SEARCH

SEARCH BY CITATION

Keywords:

  • atherosclerosis;
  • psoriasis

Abstract

Objective

Patients with psoriasis are prone to premature atherosclerosis and increased risk of cardiovascular disease events. However, the prevalence and extent of atherosclerosis in patients with psoriasis are unknown.

Design

A cross-sectional study.

Setting and subjects

The prevalence and extent of coronary and carotid atherosclerosis were compared in 70 patients with psoriasis (46 ± 9 years, 71% male) without known cardiovascular disease or joint involvement and 51 age- and gender-matched healthy control subjects (45 ± 7 years, 71% male). Systemic inflammation was assessed by the level of high-sensitivity C-reactive protein (hs-CRP). Coronary atherosclerosis was determined by the coronary calcification score (CCS) measured by multi-detector computed tomography. Carotid atherosclerosis was assessed by high-resolution ultrasound-derived carotid intima–media thickness (cIMT).

Results

Patients with psoriasis had a higher prevalence of coronary atherosclerosis (CCS > 0; 28.6% vs. 3.9%, < 0.01), and a higher degree of coronary atherosclerosis estimated by the mean CCS (67.4 ± 349.2 vs. 0.5 ± 3.0, < 0.05) compared with controls. Similarly, cIMT was significantly greater in patients with psoriasis than in control subjects (0.73 ± 0.11 mm vs. 0.67 ± 0.08 mm, < 0.01). Multiple logistic regression revealed that psoriasis [odd ratio (OR): 10.54, 95% confidence interval (CI) 1.89–58.67, < 0.01] and serum total cholesterol level (OR 2.10, 95% CI 1.01–4.37) were associated with the presence of coronary atherosclerosis (CCS > 0). By contrast, only age was independently associated with increased cIMT. Amongst participants with no traditional cardiovascular disease risk factors, hs-CRP level was higher in patients with psoriasis than in controls.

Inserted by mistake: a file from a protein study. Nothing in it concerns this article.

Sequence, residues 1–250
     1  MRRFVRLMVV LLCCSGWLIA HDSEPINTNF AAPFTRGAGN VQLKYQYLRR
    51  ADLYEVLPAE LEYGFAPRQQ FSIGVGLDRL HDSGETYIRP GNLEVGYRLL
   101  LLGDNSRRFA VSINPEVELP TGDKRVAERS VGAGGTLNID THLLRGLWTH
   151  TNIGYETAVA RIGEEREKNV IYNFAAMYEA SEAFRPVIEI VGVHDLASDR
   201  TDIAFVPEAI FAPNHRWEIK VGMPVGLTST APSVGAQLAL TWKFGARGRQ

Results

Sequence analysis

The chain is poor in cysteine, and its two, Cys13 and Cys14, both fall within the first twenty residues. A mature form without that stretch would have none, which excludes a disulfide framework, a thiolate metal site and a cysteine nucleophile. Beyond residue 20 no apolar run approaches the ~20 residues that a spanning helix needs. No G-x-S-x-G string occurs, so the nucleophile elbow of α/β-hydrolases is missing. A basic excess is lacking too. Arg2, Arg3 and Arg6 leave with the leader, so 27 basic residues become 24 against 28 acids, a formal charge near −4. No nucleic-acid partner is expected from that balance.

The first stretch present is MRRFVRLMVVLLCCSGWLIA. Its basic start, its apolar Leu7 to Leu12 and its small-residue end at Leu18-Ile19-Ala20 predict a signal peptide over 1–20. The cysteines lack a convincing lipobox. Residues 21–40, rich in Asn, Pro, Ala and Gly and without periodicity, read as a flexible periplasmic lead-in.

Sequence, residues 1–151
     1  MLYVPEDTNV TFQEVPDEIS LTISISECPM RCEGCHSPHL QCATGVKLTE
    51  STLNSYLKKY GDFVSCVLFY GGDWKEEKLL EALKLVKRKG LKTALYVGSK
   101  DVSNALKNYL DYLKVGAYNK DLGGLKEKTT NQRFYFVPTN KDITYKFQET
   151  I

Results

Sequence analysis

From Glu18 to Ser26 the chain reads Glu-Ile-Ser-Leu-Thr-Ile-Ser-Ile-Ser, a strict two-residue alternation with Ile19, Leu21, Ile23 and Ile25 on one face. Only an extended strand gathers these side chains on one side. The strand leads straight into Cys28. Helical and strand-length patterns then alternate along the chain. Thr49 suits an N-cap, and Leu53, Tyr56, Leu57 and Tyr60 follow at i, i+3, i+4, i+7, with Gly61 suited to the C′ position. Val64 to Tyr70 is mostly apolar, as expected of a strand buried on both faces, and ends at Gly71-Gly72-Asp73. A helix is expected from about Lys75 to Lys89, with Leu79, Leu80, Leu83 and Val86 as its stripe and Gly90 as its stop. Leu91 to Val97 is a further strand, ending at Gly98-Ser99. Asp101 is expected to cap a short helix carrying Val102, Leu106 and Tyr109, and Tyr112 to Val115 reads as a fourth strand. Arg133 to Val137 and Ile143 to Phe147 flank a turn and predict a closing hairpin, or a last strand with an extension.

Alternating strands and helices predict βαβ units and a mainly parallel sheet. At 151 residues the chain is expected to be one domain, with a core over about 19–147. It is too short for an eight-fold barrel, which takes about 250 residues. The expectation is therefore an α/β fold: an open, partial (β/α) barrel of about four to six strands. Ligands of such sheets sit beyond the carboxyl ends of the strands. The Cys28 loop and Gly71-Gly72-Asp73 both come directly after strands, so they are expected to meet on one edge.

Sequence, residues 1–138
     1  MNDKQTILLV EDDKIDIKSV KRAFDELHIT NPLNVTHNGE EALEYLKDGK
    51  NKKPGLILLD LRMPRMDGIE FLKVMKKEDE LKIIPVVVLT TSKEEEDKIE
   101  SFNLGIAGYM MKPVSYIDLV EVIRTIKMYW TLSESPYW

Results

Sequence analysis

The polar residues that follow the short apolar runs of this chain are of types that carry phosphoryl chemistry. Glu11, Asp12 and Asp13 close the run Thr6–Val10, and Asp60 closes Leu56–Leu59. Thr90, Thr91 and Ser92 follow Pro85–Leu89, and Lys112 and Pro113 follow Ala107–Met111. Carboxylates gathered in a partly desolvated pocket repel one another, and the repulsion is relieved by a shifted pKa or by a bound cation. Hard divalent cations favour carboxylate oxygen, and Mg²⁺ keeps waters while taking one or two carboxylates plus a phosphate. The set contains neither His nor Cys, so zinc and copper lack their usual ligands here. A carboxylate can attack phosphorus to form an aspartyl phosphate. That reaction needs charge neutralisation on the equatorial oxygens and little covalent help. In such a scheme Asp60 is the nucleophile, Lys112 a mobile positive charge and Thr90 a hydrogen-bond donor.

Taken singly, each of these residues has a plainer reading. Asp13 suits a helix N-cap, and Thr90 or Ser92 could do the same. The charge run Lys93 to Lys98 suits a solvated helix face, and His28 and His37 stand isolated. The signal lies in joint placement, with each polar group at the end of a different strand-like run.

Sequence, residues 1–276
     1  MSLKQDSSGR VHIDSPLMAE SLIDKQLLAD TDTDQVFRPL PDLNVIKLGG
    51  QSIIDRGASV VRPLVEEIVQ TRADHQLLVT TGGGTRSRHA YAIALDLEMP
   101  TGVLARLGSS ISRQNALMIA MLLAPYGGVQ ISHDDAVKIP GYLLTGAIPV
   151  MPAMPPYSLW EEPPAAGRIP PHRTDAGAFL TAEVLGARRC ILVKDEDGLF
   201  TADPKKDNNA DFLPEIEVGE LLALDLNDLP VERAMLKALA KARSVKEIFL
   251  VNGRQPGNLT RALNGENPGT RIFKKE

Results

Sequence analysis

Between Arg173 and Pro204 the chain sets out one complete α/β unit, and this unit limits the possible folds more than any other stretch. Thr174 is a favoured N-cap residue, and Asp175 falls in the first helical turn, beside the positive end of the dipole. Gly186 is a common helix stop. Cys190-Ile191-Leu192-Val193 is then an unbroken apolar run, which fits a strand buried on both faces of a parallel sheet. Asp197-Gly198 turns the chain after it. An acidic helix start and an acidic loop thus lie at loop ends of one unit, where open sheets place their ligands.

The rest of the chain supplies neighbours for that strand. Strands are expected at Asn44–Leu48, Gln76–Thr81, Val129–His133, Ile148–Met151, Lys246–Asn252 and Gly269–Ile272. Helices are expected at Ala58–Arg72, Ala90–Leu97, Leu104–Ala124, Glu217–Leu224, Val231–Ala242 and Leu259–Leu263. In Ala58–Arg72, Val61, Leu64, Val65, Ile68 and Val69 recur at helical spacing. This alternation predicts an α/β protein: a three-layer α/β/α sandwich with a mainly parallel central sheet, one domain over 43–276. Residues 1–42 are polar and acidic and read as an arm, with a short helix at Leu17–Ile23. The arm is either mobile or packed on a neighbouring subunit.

Conclusion

The present results demonstrate early-onset, diffuse arterial atherosclerosis in coronary and carotid arteries in patients with psoriasis, but not in age- and gender-matched control subjects. Low-grade inflammation could explain the presence of premature atherosclerosis in patients with psoriasis.